Solutions to these problems have been long sought but prior developments have not taught or suggested any solutions and, thus, solutions to these problems have long eluded those skilled in the art.
The present invention provides an integrated circuit system by forming a first, second and third region within a dielectric over a substrate. The first region includes tungsten plugs. The second region is formed adjacent at least a portion of the perimeter of the first region and the third region is formed between the first region and the second region. An opening is formed in the third region and a material is deposited within the opening for preventing erosion of the first region.
Certain embodiments of the invention have other advantages in addition to or in place of those mentioned above. The advantages will become apparent to those skilled in the art from a reading of the following detailed description when taken with reference to the accompanying drawings.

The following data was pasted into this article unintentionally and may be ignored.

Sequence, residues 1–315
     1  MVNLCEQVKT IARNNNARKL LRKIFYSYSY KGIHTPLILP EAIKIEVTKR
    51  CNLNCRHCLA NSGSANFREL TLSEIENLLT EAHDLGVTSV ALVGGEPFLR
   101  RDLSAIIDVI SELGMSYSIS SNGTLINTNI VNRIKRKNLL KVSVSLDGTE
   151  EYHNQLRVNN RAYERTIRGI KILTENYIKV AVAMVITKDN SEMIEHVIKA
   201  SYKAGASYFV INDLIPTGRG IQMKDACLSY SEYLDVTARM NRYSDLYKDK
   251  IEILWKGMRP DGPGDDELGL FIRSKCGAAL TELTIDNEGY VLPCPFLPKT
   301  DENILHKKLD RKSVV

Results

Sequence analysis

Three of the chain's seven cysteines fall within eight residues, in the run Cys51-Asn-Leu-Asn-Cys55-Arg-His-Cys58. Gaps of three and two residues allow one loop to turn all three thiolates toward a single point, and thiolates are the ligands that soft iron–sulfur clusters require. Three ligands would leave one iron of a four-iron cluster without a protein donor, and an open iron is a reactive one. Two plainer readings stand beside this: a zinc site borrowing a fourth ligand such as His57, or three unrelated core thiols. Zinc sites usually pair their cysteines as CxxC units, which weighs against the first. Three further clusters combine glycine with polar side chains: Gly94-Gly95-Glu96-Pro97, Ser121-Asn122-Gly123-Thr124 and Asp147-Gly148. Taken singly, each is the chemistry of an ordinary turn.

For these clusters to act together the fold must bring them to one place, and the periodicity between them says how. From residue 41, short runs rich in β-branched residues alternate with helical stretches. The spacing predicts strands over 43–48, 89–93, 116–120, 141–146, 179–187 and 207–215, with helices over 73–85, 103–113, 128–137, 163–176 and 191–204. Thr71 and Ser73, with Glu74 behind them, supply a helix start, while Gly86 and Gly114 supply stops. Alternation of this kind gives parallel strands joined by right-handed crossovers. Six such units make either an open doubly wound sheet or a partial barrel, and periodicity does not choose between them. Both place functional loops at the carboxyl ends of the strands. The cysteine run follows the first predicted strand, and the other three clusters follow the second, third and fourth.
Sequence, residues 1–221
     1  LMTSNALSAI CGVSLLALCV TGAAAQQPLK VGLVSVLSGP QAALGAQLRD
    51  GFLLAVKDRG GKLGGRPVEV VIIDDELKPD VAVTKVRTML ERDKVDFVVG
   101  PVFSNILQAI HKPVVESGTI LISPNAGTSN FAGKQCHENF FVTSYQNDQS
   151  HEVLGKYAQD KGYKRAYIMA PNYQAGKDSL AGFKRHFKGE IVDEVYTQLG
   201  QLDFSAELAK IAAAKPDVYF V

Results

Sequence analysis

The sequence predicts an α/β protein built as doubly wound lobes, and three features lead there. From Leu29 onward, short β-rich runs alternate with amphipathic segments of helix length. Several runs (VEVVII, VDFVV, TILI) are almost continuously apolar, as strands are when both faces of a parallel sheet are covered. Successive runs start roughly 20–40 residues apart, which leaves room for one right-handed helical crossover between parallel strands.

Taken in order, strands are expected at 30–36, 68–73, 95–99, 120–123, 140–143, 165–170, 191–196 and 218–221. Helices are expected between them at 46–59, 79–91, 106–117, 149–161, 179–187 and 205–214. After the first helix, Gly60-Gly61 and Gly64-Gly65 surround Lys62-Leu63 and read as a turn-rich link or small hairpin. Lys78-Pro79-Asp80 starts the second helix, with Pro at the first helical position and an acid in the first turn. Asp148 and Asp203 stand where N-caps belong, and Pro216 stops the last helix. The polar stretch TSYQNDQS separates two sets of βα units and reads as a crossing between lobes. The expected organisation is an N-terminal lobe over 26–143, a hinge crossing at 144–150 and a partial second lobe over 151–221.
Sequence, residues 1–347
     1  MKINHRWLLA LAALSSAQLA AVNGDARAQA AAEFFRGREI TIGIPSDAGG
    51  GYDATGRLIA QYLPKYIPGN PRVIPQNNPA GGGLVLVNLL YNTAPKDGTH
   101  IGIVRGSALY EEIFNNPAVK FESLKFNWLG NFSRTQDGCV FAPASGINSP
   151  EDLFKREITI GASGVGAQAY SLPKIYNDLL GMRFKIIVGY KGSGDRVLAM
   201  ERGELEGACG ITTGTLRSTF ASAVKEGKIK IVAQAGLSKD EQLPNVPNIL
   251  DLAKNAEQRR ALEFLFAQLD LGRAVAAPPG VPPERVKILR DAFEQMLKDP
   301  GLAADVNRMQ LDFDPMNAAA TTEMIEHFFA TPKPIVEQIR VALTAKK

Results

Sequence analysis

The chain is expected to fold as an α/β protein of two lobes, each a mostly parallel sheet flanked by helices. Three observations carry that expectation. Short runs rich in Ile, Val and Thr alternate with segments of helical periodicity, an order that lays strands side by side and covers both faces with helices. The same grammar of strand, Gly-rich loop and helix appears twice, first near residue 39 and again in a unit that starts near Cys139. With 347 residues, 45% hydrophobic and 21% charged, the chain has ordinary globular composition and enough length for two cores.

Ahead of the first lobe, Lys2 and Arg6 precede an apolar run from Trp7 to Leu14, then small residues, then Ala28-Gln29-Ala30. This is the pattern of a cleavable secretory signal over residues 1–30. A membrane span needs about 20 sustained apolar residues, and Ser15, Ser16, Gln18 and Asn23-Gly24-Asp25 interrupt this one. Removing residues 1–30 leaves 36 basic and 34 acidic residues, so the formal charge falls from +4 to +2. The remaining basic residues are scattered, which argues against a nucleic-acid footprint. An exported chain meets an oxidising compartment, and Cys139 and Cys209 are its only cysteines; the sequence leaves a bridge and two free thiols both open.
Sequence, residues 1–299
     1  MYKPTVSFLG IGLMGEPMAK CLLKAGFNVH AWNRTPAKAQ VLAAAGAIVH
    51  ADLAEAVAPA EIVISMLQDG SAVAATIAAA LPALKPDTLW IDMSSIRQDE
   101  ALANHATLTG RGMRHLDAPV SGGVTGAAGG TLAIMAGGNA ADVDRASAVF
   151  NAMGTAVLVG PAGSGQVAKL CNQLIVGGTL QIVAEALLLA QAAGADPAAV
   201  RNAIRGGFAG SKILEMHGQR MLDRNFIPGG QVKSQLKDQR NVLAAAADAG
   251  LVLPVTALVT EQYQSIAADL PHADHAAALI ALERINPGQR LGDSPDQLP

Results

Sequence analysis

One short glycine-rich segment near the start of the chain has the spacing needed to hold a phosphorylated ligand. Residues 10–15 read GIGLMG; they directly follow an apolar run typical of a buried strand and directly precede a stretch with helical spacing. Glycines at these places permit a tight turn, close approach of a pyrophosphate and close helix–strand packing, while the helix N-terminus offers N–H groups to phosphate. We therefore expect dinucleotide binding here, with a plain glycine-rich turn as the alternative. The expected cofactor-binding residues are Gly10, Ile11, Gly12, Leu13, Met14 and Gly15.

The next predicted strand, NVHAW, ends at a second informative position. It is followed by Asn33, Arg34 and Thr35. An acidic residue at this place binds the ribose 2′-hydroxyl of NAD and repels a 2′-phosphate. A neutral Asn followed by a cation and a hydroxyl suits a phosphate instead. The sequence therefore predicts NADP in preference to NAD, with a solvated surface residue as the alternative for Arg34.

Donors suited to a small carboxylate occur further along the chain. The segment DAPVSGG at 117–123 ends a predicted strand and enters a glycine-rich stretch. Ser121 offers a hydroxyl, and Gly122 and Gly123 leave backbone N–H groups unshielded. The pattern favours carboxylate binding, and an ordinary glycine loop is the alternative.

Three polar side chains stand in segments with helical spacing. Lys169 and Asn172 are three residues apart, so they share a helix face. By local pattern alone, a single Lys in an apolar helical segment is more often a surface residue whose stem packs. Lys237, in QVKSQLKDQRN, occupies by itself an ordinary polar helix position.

The following embodiments are described in sufficient detail to enable those skilled in the art to make and use the invention, and it is to be understood that other embodiments would be evident based on the present disclosure and that process or mechanical changes may be made without departing from the scope of the present invention.